When I refer to Fed chairman Powell or to the Fed governors, collectively, as morons, I’m not suggesting that readers take this characterization literally. Indeed, most of them have IQs that are probably twice the 51-70 range that would categorize a person clinically as a moron. (It is only when casting aspersions on politicians, some of whom demonstrate persuasively and often that their IQs are in the 26-50 range, that the term “imbecile” may be construed literally.)
To give economists their due — even economists like Powell and ‘Easy Al’ Greenspan, who were elevated to positions of leadership by, mostly, political imbeciles — the men (and woman: Janet Yellen ) who inventively script U.S. monetary policy are intelligent and well-schooled. It is only when they attempt to bend their knowledge toward the running of the economy that we see clear evidence of impaired thinking. How else to characterize the moronic idea that the more we borrow, the richer we become? And yet, so devoted are economists to this crackpot idea that they would set it aside only temporarily when it appears to beckon disaster. They tighten, that is, only to set up the next stage of easing. This has been the Fed’s MO since the central bank was created in 1913 as an instrument financiers could use to steal from the rest of us without detection. The ruse has succeeded to a degree that even the greediest of them may never have imagined, but at the cost of creating increasingly devastating boom-and-bust economic cycles over the last hundred years.
We’re All Bozos
We are all complicit, to be sure, since the Fed is able to ‘manage our expectations’ only because tens of millions of Americans think and act like economic morons. For instance, we borrow against inflated home values to buy worthless college degrees for our kids. And we factor those grotesquely inflated prices into our retirement plans. We continue to elect like-minded politicians who act as though we will never have to repay tens of trillions in debt that has piled up in the public and private pension systems, as well as in Medicare and the Social Security System. And we pretend that ‘forgiving’ $1.8Tr in college loans will have no economic consequences or an impact on lenders who would have to eat every penny of the loss.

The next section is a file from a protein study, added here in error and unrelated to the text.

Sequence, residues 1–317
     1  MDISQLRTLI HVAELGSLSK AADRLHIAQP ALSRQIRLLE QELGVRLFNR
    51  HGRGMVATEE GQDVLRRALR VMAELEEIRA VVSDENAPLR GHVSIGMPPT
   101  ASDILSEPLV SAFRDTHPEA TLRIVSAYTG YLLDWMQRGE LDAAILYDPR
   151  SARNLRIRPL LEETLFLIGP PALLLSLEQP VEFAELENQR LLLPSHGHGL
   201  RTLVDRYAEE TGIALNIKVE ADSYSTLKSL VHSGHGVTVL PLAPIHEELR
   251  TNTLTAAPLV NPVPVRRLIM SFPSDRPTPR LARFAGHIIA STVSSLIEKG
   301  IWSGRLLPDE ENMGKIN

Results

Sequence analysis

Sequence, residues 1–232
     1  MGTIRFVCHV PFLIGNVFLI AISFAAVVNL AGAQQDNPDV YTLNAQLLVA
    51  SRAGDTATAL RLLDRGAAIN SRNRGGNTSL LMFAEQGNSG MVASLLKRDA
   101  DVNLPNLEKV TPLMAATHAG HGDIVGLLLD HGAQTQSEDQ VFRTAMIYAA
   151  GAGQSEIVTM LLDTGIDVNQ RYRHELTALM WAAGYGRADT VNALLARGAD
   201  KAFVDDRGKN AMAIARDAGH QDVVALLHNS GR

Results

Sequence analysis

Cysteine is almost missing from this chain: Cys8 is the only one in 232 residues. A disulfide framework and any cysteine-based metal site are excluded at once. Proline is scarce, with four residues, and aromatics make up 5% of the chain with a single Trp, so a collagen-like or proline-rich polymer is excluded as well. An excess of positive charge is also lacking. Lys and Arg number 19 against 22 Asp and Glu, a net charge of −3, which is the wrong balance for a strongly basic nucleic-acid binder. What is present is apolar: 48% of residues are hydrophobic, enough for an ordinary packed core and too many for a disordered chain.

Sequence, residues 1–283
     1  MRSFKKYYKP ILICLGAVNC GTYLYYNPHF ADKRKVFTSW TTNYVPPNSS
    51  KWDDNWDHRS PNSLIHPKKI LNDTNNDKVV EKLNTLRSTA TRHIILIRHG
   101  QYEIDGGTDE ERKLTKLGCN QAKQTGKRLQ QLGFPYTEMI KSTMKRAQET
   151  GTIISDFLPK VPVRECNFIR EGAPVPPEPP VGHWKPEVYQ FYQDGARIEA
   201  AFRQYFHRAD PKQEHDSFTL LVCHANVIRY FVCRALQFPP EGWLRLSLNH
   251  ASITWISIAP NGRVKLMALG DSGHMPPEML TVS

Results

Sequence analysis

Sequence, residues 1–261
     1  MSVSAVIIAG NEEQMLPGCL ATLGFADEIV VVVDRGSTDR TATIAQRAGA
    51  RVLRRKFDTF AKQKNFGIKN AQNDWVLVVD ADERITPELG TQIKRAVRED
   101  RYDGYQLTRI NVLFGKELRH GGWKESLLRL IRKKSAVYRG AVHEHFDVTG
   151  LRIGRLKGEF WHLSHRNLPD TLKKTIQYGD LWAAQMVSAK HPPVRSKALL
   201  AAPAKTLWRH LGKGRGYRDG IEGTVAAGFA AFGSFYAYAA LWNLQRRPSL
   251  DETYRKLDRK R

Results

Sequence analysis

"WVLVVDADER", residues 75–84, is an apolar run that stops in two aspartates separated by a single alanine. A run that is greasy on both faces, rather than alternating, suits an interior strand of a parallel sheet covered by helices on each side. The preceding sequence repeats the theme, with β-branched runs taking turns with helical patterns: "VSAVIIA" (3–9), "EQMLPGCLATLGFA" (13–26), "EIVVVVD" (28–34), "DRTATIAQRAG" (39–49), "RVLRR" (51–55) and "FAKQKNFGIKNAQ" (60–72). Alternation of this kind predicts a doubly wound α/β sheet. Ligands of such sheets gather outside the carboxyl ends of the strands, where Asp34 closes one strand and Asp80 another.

Like all Ponzi schemes, the epic fraud that has buttressed our economic lives and the illusion of vast prosperity for decades will continue to work as long as asset values are inflating. But, as the ruinous outcomes that befell Bernie Madoff, Sam Bankman-Fried and their victims attest, the delusion that the financial systems is solvent cannot persist forever. Globally, the daisy chain of superleveraged debt from derivatives exceeds two quadrillion dollars. Even someone with an IQ of 80 would recognize that there is something gravely wrong when a $200 trillion global economy requires a banking edifice ten times that size to support it. An epiphany awaits, and don’t kid yourself if you think the balance sheet will settle via hyperinflation in favor of debtors. A hellish debt deflation is coming, and it needs only the catalyst of a bear market in stocks to come bearing down on us full-force.